Innovative displays at the new interpretive center give you an insight into this fascinating geology, and there’s an informative 15-minute movie.
The late summer months, when the river is at its lowest, is the best time to appreciate the amazing scale of the fossil bed, which encompasses some 220 acres.
5. Ohio River Greenway
In Jeffersonville you’ll find the eastern trailhead for a multi-use path offering traffic-free access to the Ohio River bank for three different communities.
Extending west as far as New Albany, the Ohio River Greenway has much to admire along its route, with Ohio River mile markers, the Falls of the Ohio, a new bridge over Silver Creek, historical points of interest and a number of overlooks where you can gaze at the Louisville skyline.
With an absence of hills this is an ideal path for families to take a bike ride, and you’ll only rarely have to deal with road traffic.
Of course, the largest city in Kentucky is never more than a short drive, stroll or bicycle ride away. The name “Louisville” alone, conjures all kinds of famous associations, and first time visitors will want to cram as many of these into a trip as possible.
High on the list should be the Louisville Slugger Museum & Factory, where you can trace the story of this fabled baseball bat brand and tour the historic factory to see them being made.
Louisville as also the birthplace of Muhammad Ali, born Cassius Marcellus Clay, Jr., and the award-winning Muhammad Ali Center charts his life, career and vast cultural impact.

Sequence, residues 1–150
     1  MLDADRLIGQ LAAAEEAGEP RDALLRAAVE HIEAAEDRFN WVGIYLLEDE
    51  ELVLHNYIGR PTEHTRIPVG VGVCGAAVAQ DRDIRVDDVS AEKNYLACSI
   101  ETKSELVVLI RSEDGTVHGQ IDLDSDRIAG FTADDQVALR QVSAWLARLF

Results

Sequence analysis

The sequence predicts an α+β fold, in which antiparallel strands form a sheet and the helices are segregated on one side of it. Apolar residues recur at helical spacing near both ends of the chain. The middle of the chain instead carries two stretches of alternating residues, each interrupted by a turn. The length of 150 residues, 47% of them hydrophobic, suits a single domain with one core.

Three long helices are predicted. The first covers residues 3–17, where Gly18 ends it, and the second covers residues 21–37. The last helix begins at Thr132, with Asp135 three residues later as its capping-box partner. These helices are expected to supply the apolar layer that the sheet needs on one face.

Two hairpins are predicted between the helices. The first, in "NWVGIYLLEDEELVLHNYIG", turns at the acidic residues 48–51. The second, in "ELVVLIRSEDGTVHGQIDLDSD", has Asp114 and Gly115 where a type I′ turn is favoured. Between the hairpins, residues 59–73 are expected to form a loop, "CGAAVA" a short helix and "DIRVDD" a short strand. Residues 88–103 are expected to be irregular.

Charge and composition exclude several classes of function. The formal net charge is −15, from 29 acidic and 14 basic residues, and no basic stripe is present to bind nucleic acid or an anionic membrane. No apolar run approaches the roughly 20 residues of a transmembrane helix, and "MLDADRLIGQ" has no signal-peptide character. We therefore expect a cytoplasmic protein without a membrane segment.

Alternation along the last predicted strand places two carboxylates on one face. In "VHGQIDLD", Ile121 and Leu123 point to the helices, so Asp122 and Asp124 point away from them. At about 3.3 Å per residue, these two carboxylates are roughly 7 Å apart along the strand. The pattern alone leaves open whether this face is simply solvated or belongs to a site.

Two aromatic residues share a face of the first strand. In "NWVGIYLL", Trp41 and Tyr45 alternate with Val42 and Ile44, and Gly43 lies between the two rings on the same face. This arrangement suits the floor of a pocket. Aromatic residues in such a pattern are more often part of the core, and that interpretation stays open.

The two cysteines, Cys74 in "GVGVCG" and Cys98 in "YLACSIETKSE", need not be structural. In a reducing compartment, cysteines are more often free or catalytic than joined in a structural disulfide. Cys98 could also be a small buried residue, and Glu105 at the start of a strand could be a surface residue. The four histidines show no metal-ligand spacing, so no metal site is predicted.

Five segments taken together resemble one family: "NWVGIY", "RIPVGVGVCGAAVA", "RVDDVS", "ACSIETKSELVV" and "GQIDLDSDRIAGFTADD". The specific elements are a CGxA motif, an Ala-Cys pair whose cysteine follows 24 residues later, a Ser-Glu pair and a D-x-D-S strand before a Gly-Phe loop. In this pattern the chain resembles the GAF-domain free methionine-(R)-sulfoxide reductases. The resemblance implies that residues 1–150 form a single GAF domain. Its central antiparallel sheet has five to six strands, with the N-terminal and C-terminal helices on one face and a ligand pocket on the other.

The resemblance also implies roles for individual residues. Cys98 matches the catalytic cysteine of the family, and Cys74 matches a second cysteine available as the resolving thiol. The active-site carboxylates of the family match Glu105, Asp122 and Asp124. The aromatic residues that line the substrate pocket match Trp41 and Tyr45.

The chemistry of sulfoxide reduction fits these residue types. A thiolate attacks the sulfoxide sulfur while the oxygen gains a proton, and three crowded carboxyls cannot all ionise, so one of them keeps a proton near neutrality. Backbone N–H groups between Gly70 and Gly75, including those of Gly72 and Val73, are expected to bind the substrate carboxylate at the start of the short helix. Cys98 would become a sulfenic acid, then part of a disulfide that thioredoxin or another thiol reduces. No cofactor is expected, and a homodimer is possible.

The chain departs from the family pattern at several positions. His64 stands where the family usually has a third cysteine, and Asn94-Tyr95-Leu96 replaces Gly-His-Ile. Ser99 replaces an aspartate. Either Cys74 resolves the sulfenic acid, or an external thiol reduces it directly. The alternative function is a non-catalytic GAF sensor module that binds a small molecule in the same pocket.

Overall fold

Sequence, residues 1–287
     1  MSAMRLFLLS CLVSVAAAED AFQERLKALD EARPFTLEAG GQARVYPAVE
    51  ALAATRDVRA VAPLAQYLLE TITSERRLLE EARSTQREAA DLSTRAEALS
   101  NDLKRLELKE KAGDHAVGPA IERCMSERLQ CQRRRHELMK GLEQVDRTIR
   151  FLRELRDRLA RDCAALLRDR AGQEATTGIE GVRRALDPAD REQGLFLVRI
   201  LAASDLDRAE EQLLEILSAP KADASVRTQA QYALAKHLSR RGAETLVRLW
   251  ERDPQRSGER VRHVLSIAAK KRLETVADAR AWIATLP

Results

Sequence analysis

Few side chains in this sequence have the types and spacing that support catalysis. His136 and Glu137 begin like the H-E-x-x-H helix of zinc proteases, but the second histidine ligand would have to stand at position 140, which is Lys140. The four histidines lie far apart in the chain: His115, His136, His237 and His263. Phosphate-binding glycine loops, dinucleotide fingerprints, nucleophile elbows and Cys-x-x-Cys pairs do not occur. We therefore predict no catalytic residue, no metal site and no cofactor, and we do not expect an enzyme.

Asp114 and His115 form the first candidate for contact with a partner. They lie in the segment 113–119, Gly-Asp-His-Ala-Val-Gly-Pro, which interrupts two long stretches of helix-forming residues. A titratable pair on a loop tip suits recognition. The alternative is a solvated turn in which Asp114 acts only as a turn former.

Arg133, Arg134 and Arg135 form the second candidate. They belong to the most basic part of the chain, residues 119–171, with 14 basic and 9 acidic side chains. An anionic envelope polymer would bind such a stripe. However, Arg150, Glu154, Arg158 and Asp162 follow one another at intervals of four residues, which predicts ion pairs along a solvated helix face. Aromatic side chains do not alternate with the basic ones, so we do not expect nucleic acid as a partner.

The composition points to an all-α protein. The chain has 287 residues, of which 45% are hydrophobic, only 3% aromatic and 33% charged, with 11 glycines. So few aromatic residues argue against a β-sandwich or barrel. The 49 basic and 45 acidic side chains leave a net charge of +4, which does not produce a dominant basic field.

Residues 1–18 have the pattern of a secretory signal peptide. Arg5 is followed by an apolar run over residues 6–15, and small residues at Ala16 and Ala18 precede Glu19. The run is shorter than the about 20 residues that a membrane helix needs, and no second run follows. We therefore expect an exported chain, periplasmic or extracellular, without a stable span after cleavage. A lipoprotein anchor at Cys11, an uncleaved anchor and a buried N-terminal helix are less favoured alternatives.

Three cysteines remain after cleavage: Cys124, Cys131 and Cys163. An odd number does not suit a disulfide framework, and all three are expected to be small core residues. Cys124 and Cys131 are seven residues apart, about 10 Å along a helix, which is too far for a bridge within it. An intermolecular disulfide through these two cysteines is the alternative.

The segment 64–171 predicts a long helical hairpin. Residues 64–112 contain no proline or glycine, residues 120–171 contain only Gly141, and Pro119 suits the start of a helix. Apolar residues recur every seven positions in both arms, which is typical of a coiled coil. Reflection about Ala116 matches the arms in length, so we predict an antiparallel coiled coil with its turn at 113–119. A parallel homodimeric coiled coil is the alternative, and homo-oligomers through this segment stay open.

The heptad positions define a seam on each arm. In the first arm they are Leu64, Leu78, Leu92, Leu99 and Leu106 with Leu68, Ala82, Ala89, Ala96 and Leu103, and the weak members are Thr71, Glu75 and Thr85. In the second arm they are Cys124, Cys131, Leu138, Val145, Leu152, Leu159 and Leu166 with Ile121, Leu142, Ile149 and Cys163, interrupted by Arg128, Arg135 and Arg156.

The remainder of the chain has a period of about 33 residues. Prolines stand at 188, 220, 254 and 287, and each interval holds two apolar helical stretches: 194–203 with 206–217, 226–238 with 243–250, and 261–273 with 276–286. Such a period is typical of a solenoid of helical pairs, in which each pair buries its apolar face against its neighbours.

The Kentucky Derby is run in Louisville every May, and you can pay a visit to Churchill Downs, as well as the Kentucky Derby Museum to discover the 150-year history of one of the great horse races.
Last but not least, there’s bourbon, so whiskey connoisseurs should factor at least one distillery into their plans. Sitzel-Weller, Angel’s Envy and Old Forester Distilling Co. are three good places to start.
7. Vintage Fire Museum
Relocated to a new building not long ago, this excellent museum has a nationally recognized collection of historic firefighting equipment. At the Vintage Fire Museum you can witness the evolution of firefighting since the 1700s.
There’s a variety of pumpers and steamers here, including a rare hand pumper dating to 1756.
This is accompanied by a lineup of fire trucks from the 20th century, including a 1937 Model, a 1937 Flood, a 1927 Ahrens-Fox and a 1953 Seagrave. There’s a wealth of other memorabilia all around, like historic alarms, lamps, uniforms, helmets, axes and fire marks.
8. Old Jeffersonville Historic District
Fronting the Ohio River and containing the downtown area, Jeffersonville has a large district formed in the 80+ years up to the Great Depression when this city was a hub for steamboat production.
A lot of the contributing architecture dates from the 1870s to the mid-20th century, in styles ranging from Italianate to Gothic Revival, Late Victorian, Beaux-Arts and Colonial Revival.
One exceptionally old property downtown is the Grisamore House (1837), blending the Federal and Greek Revival styles and rescued from demolition in the 1980s.
Many of the grandest houses can be found along Riverside Drive towards the south end of the district.
The commercial area spans four blocks along Spring Street, with an endearing array of locally owned restaurants and bars, including the feted Riverside Cigar Shop and Lounge, with a menu of luxury bourbons and cigars.
Accompanying Schimpff’s Confectionery downtown also has unique stores for flowers, gifts, fashion, homewares and perfumes.
9. Clark County Museum
For a historical one-two you can call in at the Clark County Museum, directly in front of the Vintage Fire Museum.
Founded in 2008 by a group of collectors who appreciated the role of the county in Indiana and United States history, the museum has a rich inventory that can be seen Tuesday to Saturday.
The collection is particularly strong for photography, early maps, clothing, Edwardian toys, family documents, art, vehicles and archeological artifacts discovered in the county.